Most of what we do with our horses classically, they do in nature. Training is not teaching the horse how to do what we want. It is about teaching them to understand the aids so that they know when to do what we ask on cue. A horse is very sensitive by nature. They can feel a fly land on their side with a heavy winter coat. Your horse can feel every move you make with your body but, if the movement does not have any meaning, they will not respond or will respond incorrectly. It will take time for your horse to understand the subtleties of your seat. The first step is to start using your seat with intention so that it has meaning to what you want. To continue reading the article, click here.

A Classical Makeover ~ Racehorse to Classical Dressage

Classical riding is not a technique for training but rather principles to guide your training. These are some of the principles that guide classical trainers.
-Help the horse to feel good in his work.
-Help the horse understand, so force is not needed.
-Show the horse how to enjoy his work.
-Help the horse to stay healthy.
-Have compassion and patience for your horse.

Any riding horse can become a Classical Dressage horse; all there needs to be is patience and a clear understanding of classical riding. So long as there was no physical damage done in the previous discipline preventing the horse from its natural movement. Your veterinarian can help you determine if your horse has physical limitations.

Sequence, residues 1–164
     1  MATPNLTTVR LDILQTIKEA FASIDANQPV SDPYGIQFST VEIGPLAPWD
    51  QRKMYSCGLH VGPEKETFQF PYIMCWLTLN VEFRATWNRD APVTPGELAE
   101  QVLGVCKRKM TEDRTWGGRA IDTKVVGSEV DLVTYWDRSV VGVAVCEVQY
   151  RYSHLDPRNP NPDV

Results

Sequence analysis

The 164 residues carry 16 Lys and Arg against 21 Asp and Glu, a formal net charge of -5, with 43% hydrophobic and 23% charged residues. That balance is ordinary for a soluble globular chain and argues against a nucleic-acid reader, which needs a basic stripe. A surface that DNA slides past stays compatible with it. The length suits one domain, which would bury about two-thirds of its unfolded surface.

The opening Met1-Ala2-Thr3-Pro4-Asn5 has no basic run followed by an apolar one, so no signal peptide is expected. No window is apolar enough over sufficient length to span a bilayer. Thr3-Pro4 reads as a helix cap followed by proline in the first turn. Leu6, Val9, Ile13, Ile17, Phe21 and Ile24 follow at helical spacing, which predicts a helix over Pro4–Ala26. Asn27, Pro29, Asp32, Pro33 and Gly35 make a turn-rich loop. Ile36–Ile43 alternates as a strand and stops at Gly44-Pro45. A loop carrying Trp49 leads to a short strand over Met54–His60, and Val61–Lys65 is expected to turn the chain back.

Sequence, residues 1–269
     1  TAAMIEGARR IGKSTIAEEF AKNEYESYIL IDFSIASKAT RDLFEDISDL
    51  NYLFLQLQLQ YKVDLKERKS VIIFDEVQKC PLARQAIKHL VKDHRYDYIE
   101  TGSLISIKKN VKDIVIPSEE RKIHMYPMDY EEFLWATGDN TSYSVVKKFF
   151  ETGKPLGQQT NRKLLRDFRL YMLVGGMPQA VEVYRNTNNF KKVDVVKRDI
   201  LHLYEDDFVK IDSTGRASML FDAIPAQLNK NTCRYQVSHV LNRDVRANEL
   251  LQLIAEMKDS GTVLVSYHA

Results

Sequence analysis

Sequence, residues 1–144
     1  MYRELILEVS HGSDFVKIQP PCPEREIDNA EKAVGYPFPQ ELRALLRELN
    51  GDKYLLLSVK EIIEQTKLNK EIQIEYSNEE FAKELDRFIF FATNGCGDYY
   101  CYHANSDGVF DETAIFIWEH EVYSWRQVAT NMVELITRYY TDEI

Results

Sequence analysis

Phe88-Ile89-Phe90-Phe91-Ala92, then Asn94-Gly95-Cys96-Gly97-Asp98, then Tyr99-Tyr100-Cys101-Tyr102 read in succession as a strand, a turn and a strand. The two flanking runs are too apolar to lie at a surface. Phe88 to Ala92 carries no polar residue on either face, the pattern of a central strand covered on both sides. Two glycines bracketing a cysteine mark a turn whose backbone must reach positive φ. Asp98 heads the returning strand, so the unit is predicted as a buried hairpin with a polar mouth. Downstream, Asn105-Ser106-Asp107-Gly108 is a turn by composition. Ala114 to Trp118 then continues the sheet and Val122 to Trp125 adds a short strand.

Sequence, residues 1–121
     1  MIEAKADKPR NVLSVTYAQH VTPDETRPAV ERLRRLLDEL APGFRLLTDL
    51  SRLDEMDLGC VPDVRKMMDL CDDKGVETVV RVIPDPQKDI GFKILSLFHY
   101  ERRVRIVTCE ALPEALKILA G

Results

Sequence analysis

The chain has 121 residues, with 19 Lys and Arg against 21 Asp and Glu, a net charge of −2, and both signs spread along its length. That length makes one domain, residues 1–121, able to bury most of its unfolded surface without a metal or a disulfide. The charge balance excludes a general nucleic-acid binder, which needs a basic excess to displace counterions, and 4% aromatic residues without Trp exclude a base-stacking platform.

This article features Truck! He is a 16.3 hand Thoroughbred off the track racehorse. His previous owner said Truck was a hard keeper, and he was about 75 pounds underweight. (Still in racehorse body condition) She had him for six months and wanted to do dressage with him, but afterward changed her mind and decided to do a different discipline.

To keep reading, click here.

A Classical Makeover ~ Western Pleasure to Classical Dressage

Classical riding is not a technique for training but rather principles to guide your training. It is these principles that guide classical trainers:
• To help the horse to feel good in his work
• To help the horse understand, so force is not needed
• Allow the horse to enjoy his work
• To help the horse stay healthy
• To have compassion and patience for your horse

Any riding horse can become a classical dressage horse; all there needs to be is patience and a clear understanding of classical riding — as long as there was no physical damage done in the previous discipline preventing the horse from its natural movement. Your veterinarian can help you determine if your horse has physical limitations.